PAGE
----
• Reply 7 of 43
    igxqrrligxqrrl Posts: 105member
    No surprise about Amazon catching up. I've stopped using the iTunes store for music. The web-based store-front at Amazon is more intuitive to me, the prices are lower, and the selection is as good or better. Not to mention the lack of DRM. The great integration with iTunes is also nice.
  • Reply 8 of 43
    Quote:
    Originally Posted by igxqrrl View Post


    No surprise about Amazon catching up. I've stopped using the iTunes store for music. The web-based store-front at Amazon is more intuitive to me, the prices are lower, and the selection is as good or better. Not to mention the lack of DRM. The great integration with iTunes is also nice.



    Disagree about the web interface, but I agree otherwise. I'd easily pay a slight premium for Amazon because it's all DRM-free, so that a lot of what I'm looking for is the same or cheaper than iTMS locked material is just a great bonus.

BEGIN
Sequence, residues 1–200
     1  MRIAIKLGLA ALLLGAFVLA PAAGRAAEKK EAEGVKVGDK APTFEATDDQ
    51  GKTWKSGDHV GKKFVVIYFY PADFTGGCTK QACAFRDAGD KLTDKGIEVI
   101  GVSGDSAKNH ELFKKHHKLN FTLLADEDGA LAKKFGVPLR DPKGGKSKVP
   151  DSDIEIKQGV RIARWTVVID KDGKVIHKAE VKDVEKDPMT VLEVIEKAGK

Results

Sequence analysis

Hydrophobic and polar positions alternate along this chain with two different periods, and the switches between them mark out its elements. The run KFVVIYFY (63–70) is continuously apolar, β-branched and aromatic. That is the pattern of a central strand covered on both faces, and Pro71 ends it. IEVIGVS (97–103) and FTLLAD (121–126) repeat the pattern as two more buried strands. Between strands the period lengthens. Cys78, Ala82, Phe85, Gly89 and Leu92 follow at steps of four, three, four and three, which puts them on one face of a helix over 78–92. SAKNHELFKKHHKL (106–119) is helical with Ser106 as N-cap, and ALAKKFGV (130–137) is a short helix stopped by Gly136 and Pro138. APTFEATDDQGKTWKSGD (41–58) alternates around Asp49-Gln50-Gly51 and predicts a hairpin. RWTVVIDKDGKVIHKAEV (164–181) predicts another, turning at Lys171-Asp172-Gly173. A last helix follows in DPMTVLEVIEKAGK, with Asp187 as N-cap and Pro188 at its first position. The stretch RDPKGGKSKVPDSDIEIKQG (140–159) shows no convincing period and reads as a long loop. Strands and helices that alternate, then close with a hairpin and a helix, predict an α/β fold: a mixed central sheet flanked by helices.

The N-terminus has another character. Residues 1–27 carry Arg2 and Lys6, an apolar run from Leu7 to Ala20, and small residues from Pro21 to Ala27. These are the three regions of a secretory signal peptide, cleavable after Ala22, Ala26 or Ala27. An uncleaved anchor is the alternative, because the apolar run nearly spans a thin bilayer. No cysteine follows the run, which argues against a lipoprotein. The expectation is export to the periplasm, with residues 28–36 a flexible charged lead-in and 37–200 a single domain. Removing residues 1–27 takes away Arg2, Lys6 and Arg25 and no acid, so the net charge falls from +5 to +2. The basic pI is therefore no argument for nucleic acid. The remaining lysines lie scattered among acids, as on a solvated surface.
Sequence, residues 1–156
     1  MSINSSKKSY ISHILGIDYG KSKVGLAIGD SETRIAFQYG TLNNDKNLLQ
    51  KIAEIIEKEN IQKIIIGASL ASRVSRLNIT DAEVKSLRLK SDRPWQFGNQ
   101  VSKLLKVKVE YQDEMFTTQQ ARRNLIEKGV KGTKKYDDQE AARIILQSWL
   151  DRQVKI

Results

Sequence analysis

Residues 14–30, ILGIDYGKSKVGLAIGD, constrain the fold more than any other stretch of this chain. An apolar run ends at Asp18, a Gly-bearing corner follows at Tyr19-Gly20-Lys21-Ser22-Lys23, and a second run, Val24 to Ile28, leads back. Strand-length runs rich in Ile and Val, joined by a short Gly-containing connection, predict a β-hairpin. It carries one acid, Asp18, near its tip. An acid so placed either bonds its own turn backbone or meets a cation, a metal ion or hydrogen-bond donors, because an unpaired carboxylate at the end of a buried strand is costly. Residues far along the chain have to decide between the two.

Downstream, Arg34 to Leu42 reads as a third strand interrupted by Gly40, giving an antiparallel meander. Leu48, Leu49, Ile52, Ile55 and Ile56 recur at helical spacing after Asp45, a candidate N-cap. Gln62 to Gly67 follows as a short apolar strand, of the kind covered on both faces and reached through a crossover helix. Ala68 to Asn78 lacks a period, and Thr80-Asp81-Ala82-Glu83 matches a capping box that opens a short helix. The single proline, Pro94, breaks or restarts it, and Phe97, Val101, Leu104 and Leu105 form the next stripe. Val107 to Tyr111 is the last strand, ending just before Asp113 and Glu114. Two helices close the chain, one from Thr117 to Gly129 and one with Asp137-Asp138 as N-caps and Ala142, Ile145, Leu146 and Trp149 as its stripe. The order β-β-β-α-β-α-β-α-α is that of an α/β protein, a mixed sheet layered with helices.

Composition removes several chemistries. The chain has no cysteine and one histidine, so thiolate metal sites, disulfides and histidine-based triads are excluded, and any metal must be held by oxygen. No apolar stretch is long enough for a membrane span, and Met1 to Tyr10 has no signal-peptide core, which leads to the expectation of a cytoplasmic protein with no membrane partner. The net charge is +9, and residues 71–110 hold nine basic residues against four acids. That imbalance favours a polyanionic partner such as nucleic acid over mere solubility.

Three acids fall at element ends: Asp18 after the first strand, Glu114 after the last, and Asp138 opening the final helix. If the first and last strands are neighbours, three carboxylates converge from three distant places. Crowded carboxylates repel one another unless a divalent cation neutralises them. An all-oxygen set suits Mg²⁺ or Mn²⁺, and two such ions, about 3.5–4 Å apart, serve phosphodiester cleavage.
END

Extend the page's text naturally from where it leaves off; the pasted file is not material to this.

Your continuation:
Amazon MP3 Downloader is easy and seamless as far as iTunes integration goes - never understood how people could manage to whine about it.
  • Reply 9 of 43
    Quote:
    Originally Posted by AppleInsider View Post


    Amazon MP3 takes number two spot behind iTunes



    Although it's been an option only since September, Amazon MP3 is now in second place behind iTunes in the US for downloadable music sales, USA Today says.



    No independent explanation for the jump is available, though Amazon digital music chief Pete Baltaxe points to a larger DRM-free library of 4.5 million songs that allows all its music to work with any portable player, including iPods.